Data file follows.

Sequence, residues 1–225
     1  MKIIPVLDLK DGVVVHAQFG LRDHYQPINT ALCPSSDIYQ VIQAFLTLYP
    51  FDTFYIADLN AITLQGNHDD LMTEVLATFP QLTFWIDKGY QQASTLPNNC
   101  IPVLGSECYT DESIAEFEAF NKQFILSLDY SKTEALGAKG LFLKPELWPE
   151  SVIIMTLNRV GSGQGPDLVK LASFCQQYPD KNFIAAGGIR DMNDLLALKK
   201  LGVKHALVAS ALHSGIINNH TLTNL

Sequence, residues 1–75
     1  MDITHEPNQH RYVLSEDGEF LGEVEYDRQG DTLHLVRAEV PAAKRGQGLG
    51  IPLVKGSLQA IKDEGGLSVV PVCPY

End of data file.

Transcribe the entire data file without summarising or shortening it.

Sequence, residues 1–225
     1  MKIIPVLDLK DGVVVHAQFG LRDHYQPINT ALCPSSDIYQ VIQAFLTLYP
    51  FDTFYIADLN AITLQGNHDD LMTEVLATFP QLTFWIDKGY QQASTLPNNC
   101  IPVLGSECYT DESIAEFEAF NKQFILSLDY SKTEALGAKG LFLKPELWPE
   151  SVIIMTLNRV GSGQGPDLVK LASFCQQYPD KNFIAAGGIR DMNDLLALKK
   201  LGVKHALVAS ALHSGIINNH TLTNL

Sequence, residues 1–75
     1  MDITHEPNQH RYVLSEDGEF LGEVEYDRQG DTLHLVRAEV PAAKRGQGLG
    51  IPLVKGSLQA IKDEGGLSVV PVCPY